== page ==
Why Wall Street's 'Doing Fine' -- for Now

President Obama is right -- or at least was right -- about the private sector.

SmartMoney

President Obama has been pounded for four days for his offhand remark that the "private sector is doing fine."

The jobs picture, of course, remains weak all around. But for investors, at least, the President's comment is on the money. And that's both a puzzle and a reason for caution.

The attached chart shows U.S. corporate profits as a percentage of gross domestic product. The data comes from the U.S. Commerce Department. Profits, as a share of GDP, have not been higher since official records began in 1940. They averaged 7.5% of GDP under Ronald Reagan. In Obama's first three years they have averaged 11.7%. Last year they hit 12.9%.

Last year, the U.S. Commerce Department says, corporate profits totaled $1.9 trillion (before tax, but after accounting for certain inventory and capital issues). That's $6,500 for every American citizen. In 1999, at the peak of the great 1990s boom, they were $3,000 per citizen.

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There are other ways of looking at the health of the owners of capital such as profits as a share of corporate gross value added, or compared to labor compensation but they show substantially the same thing.

Howard Silverblatt, senior analyst for Standard & Poor's Indices, reports that the after-tax earnings of the S&P 500 the top 500 companies on the stock market - hit a new record in the first quarter. "They're at an all-time record high," he says. The previous records were in the second and third quarters of last year. They're about 7% higher than at the peak in mid-2007.

Forget "doing fine." As the board member in that fabulous Coen brothers' flick The Hudsucker Proxy observes, "In short we're loaded."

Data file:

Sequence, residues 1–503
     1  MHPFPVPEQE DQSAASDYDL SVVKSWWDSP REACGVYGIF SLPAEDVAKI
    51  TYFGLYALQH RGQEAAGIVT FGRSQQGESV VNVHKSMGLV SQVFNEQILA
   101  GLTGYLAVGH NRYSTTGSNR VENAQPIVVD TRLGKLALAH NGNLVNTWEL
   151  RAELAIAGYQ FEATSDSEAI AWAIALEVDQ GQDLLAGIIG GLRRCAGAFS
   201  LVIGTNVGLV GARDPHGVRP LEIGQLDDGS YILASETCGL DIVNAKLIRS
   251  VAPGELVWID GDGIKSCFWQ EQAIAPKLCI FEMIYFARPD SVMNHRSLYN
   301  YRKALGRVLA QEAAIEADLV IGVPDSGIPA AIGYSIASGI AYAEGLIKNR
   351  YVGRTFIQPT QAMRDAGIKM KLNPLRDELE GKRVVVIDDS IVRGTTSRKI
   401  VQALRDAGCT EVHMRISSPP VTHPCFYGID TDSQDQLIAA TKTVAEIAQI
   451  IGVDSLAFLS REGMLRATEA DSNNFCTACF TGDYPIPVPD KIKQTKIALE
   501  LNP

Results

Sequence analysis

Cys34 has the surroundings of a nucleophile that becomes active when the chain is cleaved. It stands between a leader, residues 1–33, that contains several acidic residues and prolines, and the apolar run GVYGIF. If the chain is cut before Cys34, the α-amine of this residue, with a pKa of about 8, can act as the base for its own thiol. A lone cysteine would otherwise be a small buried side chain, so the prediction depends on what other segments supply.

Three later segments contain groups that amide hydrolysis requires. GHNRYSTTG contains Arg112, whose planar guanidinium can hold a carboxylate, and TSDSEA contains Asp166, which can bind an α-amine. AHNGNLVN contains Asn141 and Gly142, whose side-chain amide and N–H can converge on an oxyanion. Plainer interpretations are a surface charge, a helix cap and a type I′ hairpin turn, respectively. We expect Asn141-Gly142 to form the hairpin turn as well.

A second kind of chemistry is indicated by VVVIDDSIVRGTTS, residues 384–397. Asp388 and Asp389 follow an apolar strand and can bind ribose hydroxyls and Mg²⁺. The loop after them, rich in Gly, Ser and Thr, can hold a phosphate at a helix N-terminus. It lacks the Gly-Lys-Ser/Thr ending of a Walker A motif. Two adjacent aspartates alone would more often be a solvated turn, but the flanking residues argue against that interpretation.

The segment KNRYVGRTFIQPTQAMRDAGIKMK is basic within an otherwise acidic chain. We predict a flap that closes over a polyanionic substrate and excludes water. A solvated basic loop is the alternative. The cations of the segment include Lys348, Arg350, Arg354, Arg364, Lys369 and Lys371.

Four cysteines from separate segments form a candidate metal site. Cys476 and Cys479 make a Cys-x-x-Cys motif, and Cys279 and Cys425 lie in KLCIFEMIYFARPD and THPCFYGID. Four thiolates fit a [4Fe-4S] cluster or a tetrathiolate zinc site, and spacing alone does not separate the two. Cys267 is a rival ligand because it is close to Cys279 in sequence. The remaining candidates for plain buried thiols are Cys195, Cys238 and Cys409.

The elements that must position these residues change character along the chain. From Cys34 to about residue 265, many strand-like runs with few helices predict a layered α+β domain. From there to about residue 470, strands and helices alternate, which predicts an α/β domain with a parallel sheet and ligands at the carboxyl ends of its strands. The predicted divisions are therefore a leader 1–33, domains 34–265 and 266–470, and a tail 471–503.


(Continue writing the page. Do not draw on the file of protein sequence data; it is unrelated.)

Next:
No wonder the stock market boomed over the past few years. Profits induce euphoria among investors, who assume the party will continue forever. And as a practical matter corporations are using a lot of that money to buy back their own stock.

So what's the problem?

Alas, what goes up so often comes down. Indeed when it comes to corporate profitability, that has always been the case. As Andrew Smithers, the financial consultant and author of Valuing Wall Street, likes to say: Corporate profitability is "strongly mean-reverting."

Predicting the future is, of course, a sucker's game, so no one can say for certain how or when things will turn. Maybe it will be a stronger dollar caused by the economic woes in Europe. Maybe it will be a recovery in the U.S. jobs market, driving up wages. Maybe it will be Chinese inflation, also leading to higher wages. Maybe it will be "austerity" in Washington: When the federal government eventually starts reining in those deficits, that will reduce cashflows elsewhere in the economy, and corporate income should fall.

Salesmen on Wall Street will tell you the S&P 500 is "cheap" because it is only about 13 times forecast earnings. Yet, as just noted, those earnings are at record highs. If they come back down to average levels in due course, this market will turn out to be more expensive. Robert Shiller, the finance professor at Yale, prefers to compare share prices to the average earnings for the past ten years. It's a formula first pioneered by the value investment gurus Ben Graham and David Dodd. On this measure, Wall Street is now about 20 times earnings. Historically, the average has been 16 times. So today we're about 25% overvalued.

What does this mean for you? It suggests longer-term returns are going to be considerably lower than in the past.

What makes me most nervous, however, is the blase attitude many are taking towards U.S. stocks. The consensus at the moment is that Europe is completely finished, the wheels are coming off China, Japan might as well not exist, while U.S. stocks are in the sweet spot. Wall Street, in its usual fashion, is predicting the future on a spreadsheet by clicking and dragging from the most recent past. "U.S. equities remain a big overweight position," reported Merrill Lynch Bank of America in its latest monthly survey of institutional money managers around the world. In total, a net 26% of institutions have more U.S. equities than their benchmarks. Given that the global stock benchmarks already overweight U.S. equities for historic reasons, this suggests it is a very crowded trade.

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